A telephone, or telephone, is a telecommunications device that allows two or more users to hold a conversation when they are too far away to be heard directly. A telephone converts the sound, typically and more efficiently the human voice, into electronic signals that are transmitted through cables and other communication channels to another telephone that reproduces the sound to the receiving user.
In 1876, Scottish emigrant Alexander Graham Bell was the first to obtain a United States patent for a device that produced a clearly intelligible replication of the human voice. This instrument was developed by many others. The telephone was the first device in history that allowed people to talk directly to each other at great distances. Telephones quickly became indispensable for businesses, government and homes, and today are some of the most used small appliances.
The essential elements of a telephone are a microphone (transmitter) to speak and an earpiece (receiver) that reproduces the voice in a distant place. In addition, most phones contain a buzzer to announce an incoming phone call, and a dial or keypad to enter a telephone number when initiating a call to another telephone. The receiver and transmitter are usually integrated into a headset that is placed on the ear and mouth during conversation. The dial can be located on the headset or on a base unit to which the headset is connected. The transmitter converts the sound waves into electrical signals that are sent through a telephone network to the receiving telephone, which converts the signals into an audible sound in the receiver or, sometimes, in a loudspeaker. Telephones are duplex devices, which means they allow transmission in both directions simultaneously.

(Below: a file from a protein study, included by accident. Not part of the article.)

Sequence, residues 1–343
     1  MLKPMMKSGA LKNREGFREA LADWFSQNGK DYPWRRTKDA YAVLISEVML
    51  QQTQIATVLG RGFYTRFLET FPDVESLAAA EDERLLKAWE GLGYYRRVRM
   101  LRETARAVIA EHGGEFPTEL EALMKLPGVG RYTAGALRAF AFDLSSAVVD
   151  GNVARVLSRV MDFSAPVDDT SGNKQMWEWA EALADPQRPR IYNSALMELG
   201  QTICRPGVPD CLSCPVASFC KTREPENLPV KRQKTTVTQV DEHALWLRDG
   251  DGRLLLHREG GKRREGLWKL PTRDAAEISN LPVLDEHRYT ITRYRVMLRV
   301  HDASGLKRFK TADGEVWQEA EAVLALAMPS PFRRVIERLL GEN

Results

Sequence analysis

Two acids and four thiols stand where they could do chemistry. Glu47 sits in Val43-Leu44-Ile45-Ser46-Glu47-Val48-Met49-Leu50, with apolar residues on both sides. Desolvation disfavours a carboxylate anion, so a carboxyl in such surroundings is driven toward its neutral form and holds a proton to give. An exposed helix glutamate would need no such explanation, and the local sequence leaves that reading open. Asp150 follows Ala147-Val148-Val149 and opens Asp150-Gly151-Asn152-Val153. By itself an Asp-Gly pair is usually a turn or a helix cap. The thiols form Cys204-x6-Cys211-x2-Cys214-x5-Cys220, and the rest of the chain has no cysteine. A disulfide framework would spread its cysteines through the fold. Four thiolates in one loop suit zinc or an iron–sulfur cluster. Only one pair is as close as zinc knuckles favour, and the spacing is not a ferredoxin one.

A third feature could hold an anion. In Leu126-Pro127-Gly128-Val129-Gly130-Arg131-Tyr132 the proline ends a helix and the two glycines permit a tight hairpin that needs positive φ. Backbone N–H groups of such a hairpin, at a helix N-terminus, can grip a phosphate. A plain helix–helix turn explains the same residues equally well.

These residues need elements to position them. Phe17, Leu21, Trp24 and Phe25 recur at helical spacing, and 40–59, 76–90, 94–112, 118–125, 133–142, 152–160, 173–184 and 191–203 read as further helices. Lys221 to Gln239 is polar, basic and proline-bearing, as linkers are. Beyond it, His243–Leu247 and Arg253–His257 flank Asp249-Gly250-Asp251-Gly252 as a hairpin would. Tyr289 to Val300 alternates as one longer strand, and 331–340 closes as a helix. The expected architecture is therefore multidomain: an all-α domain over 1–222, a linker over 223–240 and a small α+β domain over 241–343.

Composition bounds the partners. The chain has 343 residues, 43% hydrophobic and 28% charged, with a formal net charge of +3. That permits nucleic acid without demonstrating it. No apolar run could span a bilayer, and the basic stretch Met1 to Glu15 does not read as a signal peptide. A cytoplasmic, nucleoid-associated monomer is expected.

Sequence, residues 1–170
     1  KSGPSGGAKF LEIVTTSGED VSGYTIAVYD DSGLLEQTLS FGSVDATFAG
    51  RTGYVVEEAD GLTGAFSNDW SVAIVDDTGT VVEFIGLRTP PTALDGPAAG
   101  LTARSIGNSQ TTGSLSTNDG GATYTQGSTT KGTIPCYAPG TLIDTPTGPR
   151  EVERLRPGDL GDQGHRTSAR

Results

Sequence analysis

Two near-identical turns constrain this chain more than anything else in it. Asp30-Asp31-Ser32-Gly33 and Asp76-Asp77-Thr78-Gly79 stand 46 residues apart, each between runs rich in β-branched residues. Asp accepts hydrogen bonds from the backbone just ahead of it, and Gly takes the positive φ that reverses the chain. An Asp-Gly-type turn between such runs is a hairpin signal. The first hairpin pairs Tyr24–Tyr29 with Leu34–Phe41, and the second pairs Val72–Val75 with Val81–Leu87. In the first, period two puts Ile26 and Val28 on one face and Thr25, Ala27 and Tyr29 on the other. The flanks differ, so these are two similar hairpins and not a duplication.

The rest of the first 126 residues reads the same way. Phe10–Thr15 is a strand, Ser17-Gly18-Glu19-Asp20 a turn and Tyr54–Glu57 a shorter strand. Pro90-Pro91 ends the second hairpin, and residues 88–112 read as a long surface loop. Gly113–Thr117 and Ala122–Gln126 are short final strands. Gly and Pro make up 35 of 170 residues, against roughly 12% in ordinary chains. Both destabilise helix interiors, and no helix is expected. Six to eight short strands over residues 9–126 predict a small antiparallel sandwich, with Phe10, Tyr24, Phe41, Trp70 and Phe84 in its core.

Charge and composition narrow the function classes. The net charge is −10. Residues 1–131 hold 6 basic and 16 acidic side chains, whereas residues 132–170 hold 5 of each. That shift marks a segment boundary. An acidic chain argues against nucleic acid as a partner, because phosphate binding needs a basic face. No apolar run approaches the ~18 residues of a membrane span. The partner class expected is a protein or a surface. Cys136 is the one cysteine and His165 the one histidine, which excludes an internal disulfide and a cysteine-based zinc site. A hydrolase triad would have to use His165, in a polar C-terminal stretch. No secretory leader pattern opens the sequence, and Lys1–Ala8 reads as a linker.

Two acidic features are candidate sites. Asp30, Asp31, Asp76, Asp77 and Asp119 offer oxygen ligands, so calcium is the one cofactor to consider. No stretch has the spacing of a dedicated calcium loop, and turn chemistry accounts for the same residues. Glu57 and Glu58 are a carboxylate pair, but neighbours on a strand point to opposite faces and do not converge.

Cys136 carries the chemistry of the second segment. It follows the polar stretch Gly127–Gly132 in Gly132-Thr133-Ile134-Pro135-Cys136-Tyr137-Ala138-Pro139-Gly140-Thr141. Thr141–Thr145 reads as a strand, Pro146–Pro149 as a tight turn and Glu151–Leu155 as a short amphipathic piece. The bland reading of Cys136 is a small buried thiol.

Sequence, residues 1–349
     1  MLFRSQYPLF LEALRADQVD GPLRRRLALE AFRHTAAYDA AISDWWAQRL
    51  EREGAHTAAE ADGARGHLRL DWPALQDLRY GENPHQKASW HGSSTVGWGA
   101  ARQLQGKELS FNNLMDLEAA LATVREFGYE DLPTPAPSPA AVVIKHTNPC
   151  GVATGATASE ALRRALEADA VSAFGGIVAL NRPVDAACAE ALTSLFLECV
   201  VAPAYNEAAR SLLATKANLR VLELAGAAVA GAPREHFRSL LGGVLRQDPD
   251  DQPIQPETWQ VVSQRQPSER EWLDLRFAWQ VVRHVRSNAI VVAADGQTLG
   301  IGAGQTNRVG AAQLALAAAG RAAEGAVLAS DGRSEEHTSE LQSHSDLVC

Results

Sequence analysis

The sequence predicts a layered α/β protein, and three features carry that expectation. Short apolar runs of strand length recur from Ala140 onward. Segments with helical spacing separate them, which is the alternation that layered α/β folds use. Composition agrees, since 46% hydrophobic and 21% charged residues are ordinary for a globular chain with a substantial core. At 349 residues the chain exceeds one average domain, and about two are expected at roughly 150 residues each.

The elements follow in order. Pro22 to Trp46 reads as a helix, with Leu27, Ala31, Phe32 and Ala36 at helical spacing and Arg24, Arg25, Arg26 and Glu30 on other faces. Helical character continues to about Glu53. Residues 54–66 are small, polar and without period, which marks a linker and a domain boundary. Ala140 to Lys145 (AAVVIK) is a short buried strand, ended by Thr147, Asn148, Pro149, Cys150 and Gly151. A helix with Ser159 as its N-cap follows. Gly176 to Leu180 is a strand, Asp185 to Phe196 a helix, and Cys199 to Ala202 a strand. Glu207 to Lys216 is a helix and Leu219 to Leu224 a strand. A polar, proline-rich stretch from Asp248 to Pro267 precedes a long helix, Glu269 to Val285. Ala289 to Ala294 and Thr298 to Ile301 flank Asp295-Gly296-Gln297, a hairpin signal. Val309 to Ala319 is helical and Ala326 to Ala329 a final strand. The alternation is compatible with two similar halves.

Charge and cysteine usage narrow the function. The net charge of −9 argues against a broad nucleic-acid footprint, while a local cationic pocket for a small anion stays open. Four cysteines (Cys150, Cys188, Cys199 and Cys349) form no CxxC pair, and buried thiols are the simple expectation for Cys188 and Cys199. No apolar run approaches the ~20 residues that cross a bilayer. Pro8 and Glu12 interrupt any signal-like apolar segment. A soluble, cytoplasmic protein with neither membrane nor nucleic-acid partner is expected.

The first telephones were directly connected to each other from the office or residence of a client to the location of another client. Being impractical beyond a few customers, these systems were quickly replaced by manually operated central distribution boards. This gave rise to the fixed telephone service in which each telephone is connected by a pair of cables dedicated to a switching system of the local central office, which became fully automated systems from the beginning of 1900 and, finally, in a switched global public telephone network. For greater mobility, several radio systems were developed for transmission between mobile stations on ships and cars in the mid-twentieth century. Hand-held mobile phones were introduced for personal service as of 1973. In later decades, their analogue cellular system evolved into digital networks with greater capacity and lower cost.
Convergence has given most of the capabilities of cell phones more than just a simple voice conversation. It is possible that they can record spoken messages, send and receive text messages, take and show photographs or videos, play music or games, surf the Internet, navigate the road or submerge the user in virtual reality. Since 1999, the trend of mobile phones is that smartphones integrate all the needs of communication and mobile computing.